Audiobooks Sunshine Soup; Nourishing the Global Soul –

Maya S World Is About To Be Rocked To Its Core Her Husband Has Uprooted The Family And Transported Them To Dubai Whilst Maya Is Ready To Be The Supportive Expat Wife And Mother, The Culture Change Hits Hard And Her Life UnravelsBarb Seems To Be Her Lifeline, Energetically Involving Maya In Groups And Activities, But The Sands Under Barb S Feet Are Shifting As She Discovers The Empty Shell Her Life Has Become Her Loving Husband Barely Talks To Her When They Re Not With Company And Seems To Think That An Unlimited Credit Card Is The Answer To Wedded BlissTwo Very Different Women, Their Husbands, Children And Friends Are All Put Under The Microscope As They Discover What Really Matters And How Close They Came To Losing It All

10 thoughts on “Sunshine Soup; Nourishing the Global Soul

  1. says:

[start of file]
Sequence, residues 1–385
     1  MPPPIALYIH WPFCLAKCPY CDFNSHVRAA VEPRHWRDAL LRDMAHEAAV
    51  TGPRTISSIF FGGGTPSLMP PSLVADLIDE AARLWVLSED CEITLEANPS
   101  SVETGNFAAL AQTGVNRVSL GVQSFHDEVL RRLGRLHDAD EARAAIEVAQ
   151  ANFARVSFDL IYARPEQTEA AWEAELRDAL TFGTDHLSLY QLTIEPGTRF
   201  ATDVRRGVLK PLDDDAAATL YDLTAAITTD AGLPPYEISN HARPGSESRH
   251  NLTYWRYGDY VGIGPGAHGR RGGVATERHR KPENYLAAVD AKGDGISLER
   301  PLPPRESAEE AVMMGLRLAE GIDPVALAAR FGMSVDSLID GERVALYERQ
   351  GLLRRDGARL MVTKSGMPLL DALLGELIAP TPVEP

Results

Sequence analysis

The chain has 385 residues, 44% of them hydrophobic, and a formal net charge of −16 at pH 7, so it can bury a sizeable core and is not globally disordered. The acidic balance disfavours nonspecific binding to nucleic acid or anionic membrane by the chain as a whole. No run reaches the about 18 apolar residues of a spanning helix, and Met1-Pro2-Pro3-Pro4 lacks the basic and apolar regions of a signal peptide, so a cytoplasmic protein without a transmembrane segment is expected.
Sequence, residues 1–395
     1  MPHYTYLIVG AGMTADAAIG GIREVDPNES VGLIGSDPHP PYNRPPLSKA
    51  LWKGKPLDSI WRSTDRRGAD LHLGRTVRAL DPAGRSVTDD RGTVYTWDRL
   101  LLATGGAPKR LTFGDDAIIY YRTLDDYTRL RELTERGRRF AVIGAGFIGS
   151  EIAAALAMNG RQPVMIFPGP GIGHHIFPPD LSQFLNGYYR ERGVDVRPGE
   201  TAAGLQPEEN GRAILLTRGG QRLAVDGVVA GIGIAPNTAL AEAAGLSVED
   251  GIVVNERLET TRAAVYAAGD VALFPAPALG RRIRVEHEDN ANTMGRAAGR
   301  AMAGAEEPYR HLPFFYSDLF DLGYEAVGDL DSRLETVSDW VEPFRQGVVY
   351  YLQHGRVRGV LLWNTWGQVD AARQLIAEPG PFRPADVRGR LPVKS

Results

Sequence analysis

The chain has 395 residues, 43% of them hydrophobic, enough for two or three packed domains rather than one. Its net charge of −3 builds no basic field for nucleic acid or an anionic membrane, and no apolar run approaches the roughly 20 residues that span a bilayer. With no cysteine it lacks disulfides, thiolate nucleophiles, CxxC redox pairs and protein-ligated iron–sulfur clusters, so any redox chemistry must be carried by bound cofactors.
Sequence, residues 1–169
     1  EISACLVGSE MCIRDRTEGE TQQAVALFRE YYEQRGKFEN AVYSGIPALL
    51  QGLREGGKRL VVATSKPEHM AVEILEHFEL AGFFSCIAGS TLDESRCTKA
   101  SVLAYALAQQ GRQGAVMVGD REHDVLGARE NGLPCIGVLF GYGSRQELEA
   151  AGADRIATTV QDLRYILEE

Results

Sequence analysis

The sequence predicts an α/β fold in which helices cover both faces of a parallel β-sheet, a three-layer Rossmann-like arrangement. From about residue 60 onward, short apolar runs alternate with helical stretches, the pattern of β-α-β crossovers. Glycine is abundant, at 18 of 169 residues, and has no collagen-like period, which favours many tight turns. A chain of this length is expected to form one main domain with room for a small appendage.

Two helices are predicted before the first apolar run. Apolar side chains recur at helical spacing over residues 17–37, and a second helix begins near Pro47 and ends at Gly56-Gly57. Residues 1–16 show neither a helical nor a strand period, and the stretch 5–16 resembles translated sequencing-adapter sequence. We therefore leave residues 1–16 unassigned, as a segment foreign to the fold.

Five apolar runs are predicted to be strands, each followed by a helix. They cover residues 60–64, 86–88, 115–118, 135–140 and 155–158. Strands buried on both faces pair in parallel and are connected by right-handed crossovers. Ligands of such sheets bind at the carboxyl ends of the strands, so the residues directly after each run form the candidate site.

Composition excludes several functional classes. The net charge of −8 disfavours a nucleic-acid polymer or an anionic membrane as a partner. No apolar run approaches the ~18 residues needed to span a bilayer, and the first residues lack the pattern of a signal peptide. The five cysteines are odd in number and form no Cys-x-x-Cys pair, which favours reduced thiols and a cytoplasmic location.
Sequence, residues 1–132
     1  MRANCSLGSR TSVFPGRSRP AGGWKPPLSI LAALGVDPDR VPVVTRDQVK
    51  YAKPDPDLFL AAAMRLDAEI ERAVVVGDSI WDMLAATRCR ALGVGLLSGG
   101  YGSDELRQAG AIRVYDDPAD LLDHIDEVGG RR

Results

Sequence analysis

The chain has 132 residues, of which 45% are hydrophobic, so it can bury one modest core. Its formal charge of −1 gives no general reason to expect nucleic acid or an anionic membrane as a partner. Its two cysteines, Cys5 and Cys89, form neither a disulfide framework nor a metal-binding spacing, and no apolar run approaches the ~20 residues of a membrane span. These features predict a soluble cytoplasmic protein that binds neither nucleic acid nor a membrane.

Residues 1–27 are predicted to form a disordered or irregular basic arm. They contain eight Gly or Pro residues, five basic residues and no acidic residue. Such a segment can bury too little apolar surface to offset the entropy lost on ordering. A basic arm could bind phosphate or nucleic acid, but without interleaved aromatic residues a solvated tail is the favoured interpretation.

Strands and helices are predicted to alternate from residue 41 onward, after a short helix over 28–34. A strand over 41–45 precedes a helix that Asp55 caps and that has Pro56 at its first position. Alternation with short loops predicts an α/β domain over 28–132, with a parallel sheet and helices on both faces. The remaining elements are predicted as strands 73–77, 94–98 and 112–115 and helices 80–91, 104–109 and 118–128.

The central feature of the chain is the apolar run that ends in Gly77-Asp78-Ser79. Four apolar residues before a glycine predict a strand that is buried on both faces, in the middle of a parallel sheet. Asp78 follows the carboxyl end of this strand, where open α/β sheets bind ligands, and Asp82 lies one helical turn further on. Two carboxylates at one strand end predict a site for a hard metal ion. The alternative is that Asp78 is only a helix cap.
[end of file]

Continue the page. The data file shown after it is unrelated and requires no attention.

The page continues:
Sunshine Soup is the story of a group of expat women in Dubai who are trying to travel through the culture shock, loss of identity, and depression so often associated with an overseas move The story starts with Maya, a newcomer who misses her friends, her delicatessen and her kitchen When she gets the stamp in her passport saying Wife Not Allowed to Work , she is shocked, and has to rediscover her identity without the business she built and loved back at home Early on she meets Barb, a super expat wife who is so busy volunteering, meeting and helping that she neglects herself and has never really dealt with past grief A number of other women with different experiences and reasons for being in Dubai come into the scene, and we meet many of the typical types of expats.But while the main characters may be typical in some ways, they are not caricatures, or one dimensional The characters are layered and interesting, and definitely draw you into the story This is also helped by the fact that the book starts at just the right point The story starts where the action starts, and the background is woven in throughout, making it a far interesting read I was into the story from the start, and wanted to find out what happened.Sunshine Soup really nails an often ignored aspect of expat life That it s just ordinary life, but in another country It s so easy to glamourise this life after all, staying in a lovely sunny climate, with lots of new experiences and travels, and often a fairly lavish lifestyle is pretty easy to glamourise But the reality is that ordinary things still happen People grieve, people are tempted, people are sullen, work is hard sometimes, teenagers are teenagers And this book captures all of that reality throughout.However, at the end, I lost the plot a little no, I didn t go crazy, I just wasn t quite so engaged with the story I think the end was a little rushed, and a few storylines were a bit out of the blue for me I also thought that the connection with food was a little bit forced There were times where it fitted in seamlessly and made me really hungry , but other times where I felt like the story was being pushed in slightly unnatural directions.Overall, I think that this book would be particularly great for anyone about to head on their first expat adventure, as well as anyone who has already been through the experience There are plenty of characters and experiences to relate to And I love to engage with life experiences through fiction I far prefer this format to a memoir, where the constraints of reality can so easily be detrimental to the plot Sunshine Soup is a great read, and will resonate particularly strongly with global souls But the writing and story is accessible enough that anyone could enjoy it, whether they see themselves as a global soul trailing spouse expat traveller or not.Rating 3.5 stars.